You get your checkups and and live on kale—great! But if you don’t know why Grandpa was in the hospital last year or what your mom takes those meds for, you’re missing out on a vital part of staying healthy. Your family health history—the conditions that relatives have, have had, or died of—can provide hints about what to expect regarding your own health. Not only do you and your close relatives share many genes, which can play a role in your risk of diseases like diabetes and cancer, but families also tend to have similar lifestyle habits, from daily walks to gut-busting Sunday dinners, that affect health.
With the right knowledge, you may even be able to sidestep your genetic destiny. "For example, you can make lifestyle changes to reduce your risk of cancer, and get screenings to increase the likelihood of catching a cancer early," says Deborah Lindner, MD, chief medical officer for Bright Pink, a nonprofit that focuses on the prevention and early detection of breast and ovarian cancer.
Gathering medical details (including info on mental health and pregnancy complications) on all your relatives is a huge project, and you won’t complete the whole tree in one fell swoop. But you’ll be doing a service not just to yourself but to your entire clan. Let that be your nudge to say at the next family reunion, "Pass the potato salad—and, oh, what was up with Uncle Pete’s liver?"
Your goal: Collect info on health conditions (with age of diagnosis), ethnic background, and age and cause of death for three generations of blood relatives. At the minimum, get info on first-degree relatives (these are the light blue people in the family tree above).
To get started, ask grandma
The family matriarch (your mom? your great-aunt?) will often have a lot of details that can get you started (maybe she knows that several relatives have had heart problems) or can fill in the gaps about relatives who have passed away, says James O’Leary, chief innovation officer for Genetic Alliance, a health advocacy organization. If truly no one knows what a particular relative died of, try looking up his or her death certificate or obituary.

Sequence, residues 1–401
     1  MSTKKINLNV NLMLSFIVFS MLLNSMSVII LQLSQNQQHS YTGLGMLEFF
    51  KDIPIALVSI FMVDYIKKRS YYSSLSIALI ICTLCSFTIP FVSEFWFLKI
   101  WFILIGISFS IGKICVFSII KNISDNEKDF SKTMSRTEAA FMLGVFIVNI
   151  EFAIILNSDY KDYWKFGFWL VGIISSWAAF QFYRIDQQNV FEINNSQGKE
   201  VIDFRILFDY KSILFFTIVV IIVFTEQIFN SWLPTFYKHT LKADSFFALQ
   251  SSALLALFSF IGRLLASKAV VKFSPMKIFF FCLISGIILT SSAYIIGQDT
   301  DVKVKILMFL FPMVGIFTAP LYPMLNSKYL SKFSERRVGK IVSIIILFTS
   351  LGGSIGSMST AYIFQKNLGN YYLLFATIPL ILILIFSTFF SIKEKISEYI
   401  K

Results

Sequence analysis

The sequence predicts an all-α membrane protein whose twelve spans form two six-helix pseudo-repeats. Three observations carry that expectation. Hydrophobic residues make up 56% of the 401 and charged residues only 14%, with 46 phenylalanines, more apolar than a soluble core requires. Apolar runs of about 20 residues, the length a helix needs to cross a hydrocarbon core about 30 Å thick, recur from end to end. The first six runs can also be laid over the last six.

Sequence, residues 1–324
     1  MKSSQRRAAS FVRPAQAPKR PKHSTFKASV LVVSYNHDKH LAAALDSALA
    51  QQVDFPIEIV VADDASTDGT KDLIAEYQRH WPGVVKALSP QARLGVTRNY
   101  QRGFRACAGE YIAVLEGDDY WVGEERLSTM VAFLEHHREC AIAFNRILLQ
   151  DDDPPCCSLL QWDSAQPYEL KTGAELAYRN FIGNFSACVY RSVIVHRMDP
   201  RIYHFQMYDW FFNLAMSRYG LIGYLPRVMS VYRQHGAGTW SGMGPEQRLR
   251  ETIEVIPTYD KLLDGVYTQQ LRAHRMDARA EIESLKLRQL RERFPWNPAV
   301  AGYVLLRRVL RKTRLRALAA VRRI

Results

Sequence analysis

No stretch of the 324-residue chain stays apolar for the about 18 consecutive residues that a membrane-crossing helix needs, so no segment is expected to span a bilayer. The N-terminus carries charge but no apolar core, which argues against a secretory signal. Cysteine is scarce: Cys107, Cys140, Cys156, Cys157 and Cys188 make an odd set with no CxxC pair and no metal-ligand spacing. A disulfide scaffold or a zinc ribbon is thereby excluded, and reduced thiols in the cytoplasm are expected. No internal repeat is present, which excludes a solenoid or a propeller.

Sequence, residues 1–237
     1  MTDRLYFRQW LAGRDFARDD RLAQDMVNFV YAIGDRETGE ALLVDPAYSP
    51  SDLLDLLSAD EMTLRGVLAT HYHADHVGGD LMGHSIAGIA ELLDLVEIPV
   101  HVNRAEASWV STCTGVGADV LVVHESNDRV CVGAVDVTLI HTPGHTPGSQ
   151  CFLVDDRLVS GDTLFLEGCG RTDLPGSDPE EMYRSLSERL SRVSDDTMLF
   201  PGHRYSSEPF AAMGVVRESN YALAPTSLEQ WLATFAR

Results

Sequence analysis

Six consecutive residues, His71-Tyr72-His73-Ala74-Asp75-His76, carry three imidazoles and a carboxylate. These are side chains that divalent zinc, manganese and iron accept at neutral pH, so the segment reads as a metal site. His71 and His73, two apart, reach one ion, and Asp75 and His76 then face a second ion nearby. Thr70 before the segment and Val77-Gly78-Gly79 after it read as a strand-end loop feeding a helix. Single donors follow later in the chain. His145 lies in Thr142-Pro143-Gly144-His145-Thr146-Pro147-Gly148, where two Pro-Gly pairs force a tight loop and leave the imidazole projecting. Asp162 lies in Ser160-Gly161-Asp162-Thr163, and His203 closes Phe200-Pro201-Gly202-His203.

Next, get it all down
The My Family Health Portrait tool from the U.S. Department of Health & Human Services helps you create a family health history tree and save it to your computer (so you can change it as your family circumstances do), share it with other family members, or print to show your doctor.
Keep track of seemingly unconnected diseases that can go hand in hand
Alzheimer’s + heart disease: A gene called APOE plays a key role in forming lipoproteins, which carry cholesterol and other fats through your bloodstream. Having a specific variant of this gene has been associated with fatty deposits in the arteries (increasing the risk of heart attack) and protein clumps in the brain, which may be linked to dementia.
Breast cancer + pancreatic cancer: Mutations in the BRCA1 and BRCA2 genes not only make you more prone to breast and ovarian cancer but are also connected to an increased risk of pancreatic cancer, the third leading cause of cancer-related death in the United States.
Breast cancer + prostate cancer: For postmenopausal women who have a first-degree relative diagnosed with prostate cancer, the risk of breast cancer is 14 percent higher than average, suggests a 2015 study. When both breast and prostate cancers run in the family, the risk is 78 percent higher than average.
Autoimmune diseases (like type 1 diabetes + lupus): Autoimmune conditions tend to run in families. Researchers posit that this may be due to both environmental factors and a genetic link that predisposes family members to various types of autoimmune diseases.
What if I was adopted?
It’s still possible to pull together a good amount of helpful info. Start with yourself: That’s the first step in informing future generations. If you have biological children, you can also look to them; you may be susceptible to certain conditions they have. Want to dig deeper? You might be able to get health info about your biological parents through the agency that handled your adoption (laws vary by state). Your state’s health and social service agency can guide you through the process of accessing medical records.